Thursday, September 17, 2009

Control routing with multiple DHCP-enabled interfaces

I have 2 network interfaces on my Ubuntu Linux development machine: one on the "secure corporate" network (eth0) and one on the "test development" network (eth1). Our network admins are trusting that I won't route between them (and I don't). I use DHCP on both interfaces, which usually leaves me with 2 default gateways set.

The default routing behavior is to use the last default gateway. This ends up being the gateway on the development network. That's bad because access on this network is a bit more locked down. If I try to access corporate resources on a remote subnet, chances are the router will deny me. Also, dynamic DNS registration ends up resolving my hostname to the development network IP address, so accessing my machine by name remotely isn't usually possible.

There are lots of tutorials about load-balancing using ip route, and about making sure that routing is symmetrical. In my case, I don't care about any of that. Here are my goals:
1. continue using DHCP
2. register my machine's DNS name using the corporate IP address
3. use the default gateway assigned by the corporate network

The solution is actually quite simple: configure the DHCP client to ignore or override the undesired DHCP options for eth1. I use dhclient, which is very flexible and has great documentation. The manpage (dhclient.conf(5)) was googling necessary! From the manpage:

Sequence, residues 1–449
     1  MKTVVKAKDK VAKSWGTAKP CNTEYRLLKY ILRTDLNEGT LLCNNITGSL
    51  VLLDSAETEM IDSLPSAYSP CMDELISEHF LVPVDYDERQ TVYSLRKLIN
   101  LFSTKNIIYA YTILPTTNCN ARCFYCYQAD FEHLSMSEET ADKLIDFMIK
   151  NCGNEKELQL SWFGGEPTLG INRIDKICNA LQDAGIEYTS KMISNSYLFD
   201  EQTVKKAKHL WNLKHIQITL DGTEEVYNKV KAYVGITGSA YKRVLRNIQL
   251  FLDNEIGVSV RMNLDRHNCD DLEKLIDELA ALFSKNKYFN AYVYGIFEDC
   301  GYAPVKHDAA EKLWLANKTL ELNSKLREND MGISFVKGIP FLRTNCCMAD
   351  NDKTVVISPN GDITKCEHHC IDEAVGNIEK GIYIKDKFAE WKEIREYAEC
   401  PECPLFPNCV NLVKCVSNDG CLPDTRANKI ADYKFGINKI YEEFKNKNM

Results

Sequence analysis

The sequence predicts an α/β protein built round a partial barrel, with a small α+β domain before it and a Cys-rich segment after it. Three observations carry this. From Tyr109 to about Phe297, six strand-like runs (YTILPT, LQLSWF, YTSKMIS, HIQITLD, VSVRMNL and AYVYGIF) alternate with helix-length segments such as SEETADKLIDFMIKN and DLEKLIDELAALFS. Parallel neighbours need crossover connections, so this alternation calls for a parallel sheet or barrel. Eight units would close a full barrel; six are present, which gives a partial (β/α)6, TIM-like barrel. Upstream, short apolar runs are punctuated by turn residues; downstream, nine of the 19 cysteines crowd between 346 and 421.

interface "name" { declarations ... }

A client with more than one network interface may require different behaviour depending on which interface is being configured. All timing parameters and declarations other than lease and alias declarations can be enclosed in an interface declaration, and those parameters will then be used only for the interface that matches the specified name. Interfaces for which there is no interface declaration will use the parameters declared outside of any interface declaration, or the default settings.

With that nifty bit, I used the examples in the dhclient config file (/etc/dhcp3/dhclient.conf) to build this simple addition:

interface "eth1" {
    send host-name "";
    supersede routers;

interface "eth0" {
    send host-name "";

I simply tell it to send a blank hostname for dynamic DNS registration, and then give it a bogus default gateway. Restart networking or reboot and voila! DNS resolves to the IP address on the corporate network and my default gateway is the corporate side router. Mission accomplished.